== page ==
Islamic artwork goes back on display today

Adil Jawad May 23, 2010

KARACHI: The gallery for Islamic art will reopen at the National Museum of Pakistan today.

It had remained closed for almost three years and will be inaugurated by the federal minister for culture, Pir Aftab Shah Jillani, in a ceremony at the museum. Designed by Japanese experts, the gallery was closed for visitors in July 2007 when the woodwork started falling apart because of humidity. The artwork therefore had to be moved to another location for the time that the gallery was undergoing renovation work, for which the government earmarked a budget of Rs150 million.

The restoration work was overlooked by the curator of the gallery, Mohammed Shah Bokhari, who was appointed as the director of the project. The renovation ended in June 2008 and the gallery was handed over to the management of the National Museum, said Bukhari. He added, however, that it was not opened for public as it was meant to be inaugurated by the president or the prime minister. The gallery was established 20 years ago and contains more than 50 pieces of antique Islamic art as well as a collection of calligraphic works between the fourth century and the 13th century.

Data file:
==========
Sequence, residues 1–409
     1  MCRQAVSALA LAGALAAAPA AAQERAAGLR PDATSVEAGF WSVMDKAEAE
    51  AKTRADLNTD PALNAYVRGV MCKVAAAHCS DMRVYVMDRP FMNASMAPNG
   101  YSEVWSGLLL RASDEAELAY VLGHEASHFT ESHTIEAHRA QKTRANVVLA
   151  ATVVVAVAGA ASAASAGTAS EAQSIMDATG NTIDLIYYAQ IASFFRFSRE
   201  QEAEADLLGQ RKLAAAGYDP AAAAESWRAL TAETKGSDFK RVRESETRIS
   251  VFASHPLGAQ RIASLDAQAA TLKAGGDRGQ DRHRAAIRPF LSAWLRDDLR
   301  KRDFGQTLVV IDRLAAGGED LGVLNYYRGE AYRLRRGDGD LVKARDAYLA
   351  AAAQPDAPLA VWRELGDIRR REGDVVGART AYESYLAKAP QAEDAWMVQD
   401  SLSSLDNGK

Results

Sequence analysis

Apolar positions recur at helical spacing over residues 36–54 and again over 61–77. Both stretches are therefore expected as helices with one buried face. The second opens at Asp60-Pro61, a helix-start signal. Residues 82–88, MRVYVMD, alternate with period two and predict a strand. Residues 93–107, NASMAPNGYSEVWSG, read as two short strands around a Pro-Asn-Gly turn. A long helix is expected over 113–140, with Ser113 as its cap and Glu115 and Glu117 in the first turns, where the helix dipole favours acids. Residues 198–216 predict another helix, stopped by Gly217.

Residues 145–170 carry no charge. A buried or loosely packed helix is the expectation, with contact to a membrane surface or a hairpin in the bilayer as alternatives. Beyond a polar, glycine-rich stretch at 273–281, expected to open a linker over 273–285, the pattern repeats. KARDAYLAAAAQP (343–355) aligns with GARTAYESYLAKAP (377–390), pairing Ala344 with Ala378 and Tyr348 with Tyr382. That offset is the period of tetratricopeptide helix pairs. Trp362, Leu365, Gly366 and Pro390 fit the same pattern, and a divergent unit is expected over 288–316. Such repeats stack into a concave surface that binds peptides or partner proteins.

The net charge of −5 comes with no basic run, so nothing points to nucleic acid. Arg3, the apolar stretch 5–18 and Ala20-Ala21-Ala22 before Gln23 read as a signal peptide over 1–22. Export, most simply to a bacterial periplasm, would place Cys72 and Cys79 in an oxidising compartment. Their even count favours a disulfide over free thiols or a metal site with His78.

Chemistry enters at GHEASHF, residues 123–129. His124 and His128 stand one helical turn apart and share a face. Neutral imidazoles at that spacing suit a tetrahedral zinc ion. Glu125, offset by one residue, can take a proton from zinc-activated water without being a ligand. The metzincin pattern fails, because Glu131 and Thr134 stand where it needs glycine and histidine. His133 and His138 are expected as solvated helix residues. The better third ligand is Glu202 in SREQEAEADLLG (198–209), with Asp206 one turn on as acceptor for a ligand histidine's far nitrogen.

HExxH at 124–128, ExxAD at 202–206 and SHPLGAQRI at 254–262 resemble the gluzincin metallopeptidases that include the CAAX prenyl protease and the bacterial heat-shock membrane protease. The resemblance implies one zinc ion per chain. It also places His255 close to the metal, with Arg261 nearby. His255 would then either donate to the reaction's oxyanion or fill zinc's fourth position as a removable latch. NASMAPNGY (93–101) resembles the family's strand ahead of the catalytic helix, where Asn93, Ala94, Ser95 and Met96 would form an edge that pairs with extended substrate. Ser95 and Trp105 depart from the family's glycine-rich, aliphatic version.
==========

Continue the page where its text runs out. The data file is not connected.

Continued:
Works, dating back 800 years, by the famous calligrapher Yaqut Almustasmi and artist Ahmed Suharwardy are also part of the exhibition, as are exhibits from the time of Mohammed Bib Qasim. Twentieth century artworks made out of glass and ivory, will also be on display at the exhibition.

Published in the Express Tribune, May 24th, 2010.


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